County Tipperary priest reflects on how we can cope in these difficult times

In the end it may well prove to be 'our finest hour'

Fr Iggy

Fr. Iggy O’Donovan OSA, Prior. Fethard Augustinian Abbey

There is an old saying that a picture paints a thousand words. This certainly rang true for me as I stumbled on a photo in the newspaper this morning. In it Pope Francis is standing at his study window (Sunday, March 15) looking out on a deserted St. Peter's Square. Normally tens of thousands of tourists and pilgrims flock there to salute the Pope and pray along with him every Sunday of the year. Italy is of course in ‘lock down’ – a measure which is considered essential if they are to confront the coronavirus. Thus far Ireland has been somewhat more fortunate than Italy but we are fast learning that there is no room for complacency.

All will be familiar with the measures which are now in place. Schools are closed, along with creches as well as galleries and museums and so on. Here at our own Augustinian Abbey in Fethard all masses are suspended as indeed they are throughout the diocese and right across the country.  In many parts of Europe travelling has stopped, or, that being impossible, greatly hindered. The whole order of nature seems to have been reversed.

The closure of the pubs more than anything else highlights the fact that we are dealing with a crisis of the most grievous kind.  Without a doubt the Taoiseach is confronted by a situation which is as serious as that faced by DeValera in steering the ship of state through the perilous seas of World War II.  Indeed our battle against Covid-19  has been compared by many to a war situation.  Some have been seized with the illusion that this ‘war’ can be won by stocking up with endless supplies of food and other materials. Hence the needless panic shopping.  For some strange reason many seem to have convinced themselves that a vital weapon in this deadly war is toilet tissue. Hence on many a supermarket shelf a simple loo roll is a rarer sight than a black swan.

Visitors to our shores are probably somewhat bewildered at the fact that St Patrick's Day is to be celebrated with the shamrock remaining bone dry. Some readers may be surprised to read that for many years St Patrick's day was always dry. It was first proclaimed as a national day in 1903 and the pubs always remained shut on that day right up until the 1960s. Nowadays the celebration of the feast of the national Patron has become synonymous with the consumption of alcohol. Patrick would probably be somewhat bemused at the fact that Guinness is now the chief characteristic (if not the essential ingredient) of his feast day and the God he tried to introduce us to has become at best the optional extra.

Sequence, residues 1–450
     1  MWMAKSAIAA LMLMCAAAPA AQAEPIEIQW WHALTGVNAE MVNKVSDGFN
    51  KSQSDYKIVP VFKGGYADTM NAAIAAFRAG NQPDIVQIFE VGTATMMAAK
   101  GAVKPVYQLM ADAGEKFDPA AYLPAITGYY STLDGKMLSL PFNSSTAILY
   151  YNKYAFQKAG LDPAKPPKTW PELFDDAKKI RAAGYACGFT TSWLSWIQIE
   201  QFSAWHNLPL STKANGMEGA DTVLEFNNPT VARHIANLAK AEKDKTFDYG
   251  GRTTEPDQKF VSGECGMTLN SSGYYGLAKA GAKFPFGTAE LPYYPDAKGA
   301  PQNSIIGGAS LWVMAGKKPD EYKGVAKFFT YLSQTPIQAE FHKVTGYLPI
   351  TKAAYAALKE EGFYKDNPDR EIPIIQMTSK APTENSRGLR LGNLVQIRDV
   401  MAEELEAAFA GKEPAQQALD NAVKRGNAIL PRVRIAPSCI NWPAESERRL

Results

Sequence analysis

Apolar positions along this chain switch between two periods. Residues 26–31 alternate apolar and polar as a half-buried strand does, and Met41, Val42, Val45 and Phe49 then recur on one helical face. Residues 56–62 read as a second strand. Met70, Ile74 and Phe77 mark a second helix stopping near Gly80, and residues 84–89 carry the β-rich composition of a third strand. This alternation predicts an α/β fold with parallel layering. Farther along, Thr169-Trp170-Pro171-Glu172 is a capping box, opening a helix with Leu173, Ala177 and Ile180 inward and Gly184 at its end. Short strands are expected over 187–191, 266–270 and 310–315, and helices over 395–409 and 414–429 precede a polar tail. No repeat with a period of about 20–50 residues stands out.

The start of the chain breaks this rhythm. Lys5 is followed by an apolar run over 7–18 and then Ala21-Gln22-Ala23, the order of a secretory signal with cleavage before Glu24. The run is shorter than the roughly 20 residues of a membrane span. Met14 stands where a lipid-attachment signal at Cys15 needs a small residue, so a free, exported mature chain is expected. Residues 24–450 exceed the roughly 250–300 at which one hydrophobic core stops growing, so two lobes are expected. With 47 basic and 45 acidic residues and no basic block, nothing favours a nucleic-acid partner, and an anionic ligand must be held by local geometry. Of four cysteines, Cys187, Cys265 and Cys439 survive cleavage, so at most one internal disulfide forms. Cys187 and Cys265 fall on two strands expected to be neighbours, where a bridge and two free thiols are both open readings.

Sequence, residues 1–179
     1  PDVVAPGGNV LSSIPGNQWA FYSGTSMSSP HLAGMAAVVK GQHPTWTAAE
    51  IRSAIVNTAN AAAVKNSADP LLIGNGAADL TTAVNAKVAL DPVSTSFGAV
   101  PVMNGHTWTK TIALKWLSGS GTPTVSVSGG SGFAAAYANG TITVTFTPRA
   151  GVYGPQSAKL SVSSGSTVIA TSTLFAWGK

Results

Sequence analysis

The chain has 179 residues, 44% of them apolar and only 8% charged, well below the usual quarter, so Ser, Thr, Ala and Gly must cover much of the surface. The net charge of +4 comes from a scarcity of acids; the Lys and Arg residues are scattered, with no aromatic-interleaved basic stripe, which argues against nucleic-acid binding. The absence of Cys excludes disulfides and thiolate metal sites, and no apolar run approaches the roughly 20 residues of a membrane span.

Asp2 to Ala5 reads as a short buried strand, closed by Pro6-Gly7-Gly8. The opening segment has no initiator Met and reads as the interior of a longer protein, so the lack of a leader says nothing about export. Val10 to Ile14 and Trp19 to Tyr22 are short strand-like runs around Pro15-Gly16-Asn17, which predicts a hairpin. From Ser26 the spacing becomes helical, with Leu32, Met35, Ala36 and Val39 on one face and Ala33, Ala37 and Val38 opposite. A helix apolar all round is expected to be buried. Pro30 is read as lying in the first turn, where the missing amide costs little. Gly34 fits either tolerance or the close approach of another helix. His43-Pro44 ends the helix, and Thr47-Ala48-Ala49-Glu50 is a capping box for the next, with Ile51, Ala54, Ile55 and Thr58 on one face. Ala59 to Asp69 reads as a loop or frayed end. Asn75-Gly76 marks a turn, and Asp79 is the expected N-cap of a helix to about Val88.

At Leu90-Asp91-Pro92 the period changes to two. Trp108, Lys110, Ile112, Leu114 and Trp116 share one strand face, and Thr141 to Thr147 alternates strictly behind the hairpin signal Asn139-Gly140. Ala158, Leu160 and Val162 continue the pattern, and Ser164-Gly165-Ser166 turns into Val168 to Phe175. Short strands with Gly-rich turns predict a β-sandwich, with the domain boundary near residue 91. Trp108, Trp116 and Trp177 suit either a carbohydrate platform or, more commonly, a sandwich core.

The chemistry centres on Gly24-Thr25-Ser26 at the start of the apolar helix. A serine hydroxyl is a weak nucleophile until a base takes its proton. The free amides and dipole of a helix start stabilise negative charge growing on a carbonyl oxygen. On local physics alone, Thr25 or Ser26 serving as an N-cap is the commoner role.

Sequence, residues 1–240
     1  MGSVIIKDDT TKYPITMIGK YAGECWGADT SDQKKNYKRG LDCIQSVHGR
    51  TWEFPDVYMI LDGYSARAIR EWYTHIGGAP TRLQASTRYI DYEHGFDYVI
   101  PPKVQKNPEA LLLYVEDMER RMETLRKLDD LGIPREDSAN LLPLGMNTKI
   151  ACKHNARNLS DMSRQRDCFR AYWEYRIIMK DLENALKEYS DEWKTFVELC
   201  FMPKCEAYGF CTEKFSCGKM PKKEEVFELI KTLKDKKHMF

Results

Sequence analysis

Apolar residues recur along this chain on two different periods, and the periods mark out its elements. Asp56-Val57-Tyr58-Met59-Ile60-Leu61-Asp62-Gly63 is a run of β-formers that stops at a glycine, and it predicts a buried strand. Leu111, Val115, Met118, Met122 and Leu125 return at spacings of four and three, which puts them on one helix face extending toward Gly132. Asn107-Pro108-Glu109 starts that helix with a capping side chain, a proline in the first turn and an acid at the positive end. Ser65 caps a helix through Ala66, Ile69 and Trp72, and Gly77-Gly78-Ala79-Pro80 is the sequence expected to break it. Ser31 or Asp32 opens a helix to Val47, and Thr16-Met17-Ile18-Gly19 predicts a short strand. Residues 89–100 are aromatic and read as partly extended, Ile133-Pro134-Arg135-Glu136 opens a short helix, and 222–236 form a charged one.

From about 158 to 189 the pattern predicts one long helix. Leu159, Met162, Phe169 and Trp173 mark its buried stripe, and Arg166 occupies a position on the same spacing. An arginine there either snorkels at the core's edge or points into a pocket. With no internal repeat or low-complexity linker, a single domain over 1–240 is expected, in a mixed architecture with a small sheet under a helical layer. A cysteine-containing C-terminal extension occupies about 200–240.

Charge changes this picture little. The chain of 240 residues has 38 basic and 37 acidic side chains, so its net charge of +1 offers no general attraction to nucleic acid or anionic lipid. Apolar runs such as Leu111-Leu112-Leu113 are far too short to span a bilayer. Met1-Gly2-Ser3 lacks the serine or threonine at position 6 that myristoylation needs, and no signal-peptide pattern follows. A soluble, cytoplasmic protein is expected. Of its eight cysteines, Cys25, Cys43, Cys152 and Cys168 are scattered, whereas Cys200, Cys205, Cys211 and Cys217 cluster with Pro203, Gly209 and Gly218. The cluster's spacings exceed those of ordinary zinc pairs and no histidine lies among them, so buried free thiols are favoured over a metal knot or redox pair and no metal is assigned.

As I look out my window here in Fethard, I note the Holy Year Cross on the slopes of Slievenamon. It was erected there by the faithful of Fethard and Killusty exactly seventy years ago in 1950. We tend to regard the folk of that era as being simpler and less sophisticated than we are today living as we do in the brilliance of the white heat of modern technology. Nevertheless, in the face of the Covid-19 virus, we today are in many ways as lost, nervous and helpless as our ancestors were as they confronted illness and viruses in times past. In their innocence they often explained away their misfortunes as being attributable to ‘the will of God’.  Today in our sophisticated Western world the majority probably do not believe in any God at whose feet they can lay any blame. We may blame God or Nature or shear chance, but whoever is striking us has struck with a vengeance! Whatever the explanation this whole virus phenomenon is a massive surgical operation carried out without an anaesthetic on a patient who thought he was in the best of health.

However, whether it be here in Fethard or anywhere else in Ireland, one notes that a certain civic spirit and sense of determination prevails. One hears of concerned families looking out for elderly neighbours. Challenging times often draw out the best characteristics in a community.

In the immortal words of Winston Churchill, we may be facing a period of ‘blood, sweat, toil and tears’ but in the end it may well prove to be ‘our finest hour’.

– (A personal reflection by Fr Iggy O’Donovan, The Abbey, Fethard.)

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